2. The Neo-baroque in Lucha Libre – Kat Austin
  3. Ryan Is Being Beaten: Incest, Fanfiction, and The OC – Jes Battis
  4. Mobile Content Market: an Exploratory Analysis of Problems and Drivers in the U.S. – Giuseppe Bonometti, Raffaello Balocco, Peter Chu, Shiv Prabhu, Rajit Gadh
  5. Televisual control: The resistance of the mockumentary – Wendy Davis
  6. The Classic Hollywood Town at the Dawn of Suburbia – Stephen Rowley
  7. Digital Intervention: Remixes, Mash Ups and Pixel Pirates – Amanda Trevisanut
  8. The Bill 1984 – 2009: Genre, Production, Redefinition – Margaret Rogers
  9. Guiding Stars – Carly Nugent

>New Issue of Screening the Past


Image from The Party (Blake Edwards, 1968). Read Charles Barr’s article on this film, reprinted in issue 30 of Screening the Past

Film Studies For Free rushes you news, via Adrian Martin, that not only has Screening the Past, that wonderful, A* rated, online journal of screen history, theory and criticism, posted its latest issue, but it has changed URL, and is in the process of upgrading its website.

All the new contents are listed below. FSFF hasn’t read everything yet, but is enjoying STP‘s tributes to Blake Edwards, as well as the Open Access reprint of Chris Berry’s wonderful essay China’s New “Women’s Cinema”.

First Release

Tribute to Blake Edwards


>Film Festival Studies Redux


Thai filmmaker Apichatpong Weerasethakul enjoys some festival fun as he receives the 2010 Palme D’Or for his film Uncle Boonmee Who Can Recall His Past Lives at the Cannes Film Festival

Film Studies For Free has been catching up with some great resources lately. One set which should really not pass its readers by is In Media Res‘s recent collection of work on ‘Diversity of Film Festivals in East Asia‘ curated by Dina Iordanova and Ruby Cheung. All items are linked to directly below.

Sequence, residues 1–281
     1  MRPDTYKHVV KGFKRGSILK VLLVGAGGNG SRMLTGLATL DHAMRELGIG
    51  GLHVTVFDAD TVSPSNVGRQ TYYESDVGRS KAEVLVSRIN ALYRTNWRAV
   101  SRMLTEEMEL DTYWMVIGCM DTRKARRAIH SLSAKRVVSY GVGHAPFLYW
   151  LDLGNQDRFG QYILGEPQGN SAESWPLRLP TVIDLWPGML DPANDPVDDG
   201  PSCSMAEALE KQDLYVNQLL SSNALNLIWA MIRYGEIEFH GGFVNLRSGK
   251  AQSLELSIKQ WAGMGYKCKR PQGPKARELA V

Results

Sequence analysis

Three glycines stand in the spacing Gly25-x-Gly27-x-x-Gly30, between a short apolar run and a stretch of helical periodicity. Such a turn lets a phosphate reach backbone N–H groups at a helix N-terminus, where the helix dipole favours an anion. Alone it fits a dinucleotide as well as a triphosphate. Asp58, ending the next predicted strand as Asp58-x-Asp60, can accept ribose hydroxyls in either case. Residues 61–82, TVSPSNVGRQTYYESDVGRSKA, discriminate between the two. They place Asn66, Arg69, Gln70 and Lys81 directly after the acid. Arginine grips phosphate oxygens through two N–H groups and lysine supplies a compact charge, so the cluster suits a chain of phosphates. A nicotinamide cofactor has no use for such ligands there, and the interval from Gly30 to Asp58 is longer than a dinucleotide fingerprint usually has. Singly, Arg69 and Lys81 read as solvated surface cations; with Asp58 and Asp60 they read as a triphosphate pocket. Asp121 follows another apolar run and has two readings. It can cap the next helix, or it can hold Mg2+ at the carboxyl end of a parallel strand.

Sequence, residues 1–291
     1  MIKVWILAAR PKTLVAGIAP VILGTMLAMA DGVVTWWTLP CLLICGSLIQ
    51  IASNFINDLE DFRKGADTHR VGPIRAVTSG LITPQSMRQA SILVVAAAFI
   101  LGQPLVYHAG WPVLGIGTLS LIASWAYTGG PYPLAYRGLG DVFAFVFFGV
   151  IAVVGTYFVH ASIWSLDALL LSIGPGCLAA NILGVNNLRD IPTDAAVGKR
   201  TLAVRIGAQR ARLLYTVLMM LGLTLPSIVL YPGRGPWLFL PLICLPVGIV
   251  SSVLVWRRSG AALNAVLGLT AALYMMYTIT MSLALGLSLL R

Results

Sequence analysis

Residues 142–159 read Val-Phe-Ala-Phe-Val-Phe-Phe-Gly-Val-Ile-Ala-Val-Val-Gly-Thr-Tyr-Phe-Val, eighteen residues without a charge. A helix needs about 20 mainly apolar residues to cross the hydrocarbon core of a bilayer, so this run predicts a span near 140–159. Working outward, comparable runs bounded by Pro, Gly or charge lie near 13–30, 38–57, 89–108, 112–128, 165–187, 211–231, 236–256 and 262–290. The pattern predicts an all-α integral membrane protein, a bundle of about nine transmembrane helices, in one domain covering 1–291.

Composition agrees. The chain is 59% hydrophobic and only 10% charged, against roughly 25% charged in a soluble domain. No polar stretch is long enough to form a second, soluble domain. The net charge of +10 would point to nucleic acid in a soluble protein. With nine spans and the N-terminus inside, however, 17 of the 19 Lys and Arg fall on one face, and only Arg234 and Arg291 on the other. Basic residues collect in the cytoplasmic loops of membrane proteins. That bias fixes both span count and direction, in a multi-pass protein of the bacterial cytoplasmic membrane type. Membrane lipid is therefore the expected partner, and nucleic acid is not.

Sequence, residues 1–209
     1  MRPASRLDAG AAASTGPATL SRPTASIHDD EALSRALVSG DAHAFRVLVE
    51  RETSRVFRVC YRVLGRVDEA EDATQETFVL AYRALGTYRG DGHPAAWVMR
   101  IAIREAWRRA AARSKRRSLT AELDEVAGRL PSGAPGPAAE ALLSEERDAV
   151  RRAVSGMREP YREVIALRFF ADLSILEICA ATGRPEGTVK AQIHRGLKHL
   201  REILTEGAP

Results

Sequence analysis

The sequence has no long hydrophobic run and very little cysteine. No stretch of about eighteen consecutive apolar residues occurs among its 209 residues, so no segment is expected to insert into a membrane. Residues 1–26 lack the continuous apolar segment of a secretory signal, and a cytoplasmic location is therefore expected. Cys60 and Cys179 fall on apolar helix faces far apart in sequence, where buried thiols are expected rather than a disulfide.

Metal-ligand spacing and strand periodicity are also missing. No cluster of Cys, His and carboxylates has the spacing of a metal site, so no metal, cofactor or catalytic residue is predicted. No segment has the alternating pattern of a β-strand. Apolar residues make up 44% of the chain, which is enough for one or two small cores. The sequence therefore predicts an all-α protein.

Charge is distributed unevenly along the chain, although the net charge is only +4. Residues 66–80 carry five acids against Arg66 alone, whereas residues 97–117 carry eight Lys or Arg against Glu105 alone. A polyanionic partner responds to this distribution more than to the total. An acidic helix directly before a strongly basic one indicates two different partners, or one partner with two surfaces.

Here’s a little excerpt from Iordanova and Cheung’s curators’ note:

Like their counterparts in the West, film festivals in East Asia have proliferated […]. While the oldest festival in the region, the Asia-Pacific Film Festival, has been running since 1954, many younger ones have come into being in the 1990s and 2000s; at least four new festivals came into being in 2010, and a new festival in China’s capital will have its inaugural edition later in 2011. Are these festivals just mimicking the West? Red carpet glamour is not solely confined to the most important A-list film festivals in the West, its symbolism has been taken up by high profile festivals like those in Pusan and Shanghai […]. Their booming film markets that take place in parallel here bring together filmmakers, buyers and sellers from around the world to establish networks and carry out intra-Asia transactions that successfully bracket out Hollywood. The West is only just beginning to wake up to the importance of these film festivals to global film distribution.

Not only are there some fascinating considerations of these issues in prose but, as is In Media Res‘s wont,  there are some fantastic video resources, too – valuable work, indeed.

For more on festivals, do please check out an earlier FSFF post on Film Festival Studies and have a read of the following assorted, high quality studies:

And for some more inspiring viewing watch

>New Senses of Cinema: Assayas, Ava Gardner, Haneke, Morin, Rouch, Epstein, African Francophone cinema, Citizen Kane, digital cinema


One Touch of Venus (William A. Seiter, 1948), starring Robert Walker and Ava Gardner. See Edgar Morin‘s essay on Gardner here.
As ever, Film Studies For Free rushes you the latest e-journal news. Today, the latest Senses of Cinema hit the e-newsstands. Without further bloggish ado, read the below links to contents and weep with film-scholarly joy!

Issue 57 Contents

Feature Articles

Great Directors

Festival Reports

  • Celluloid Liberation Front on Venice

Book Reviews

Cteq Annotations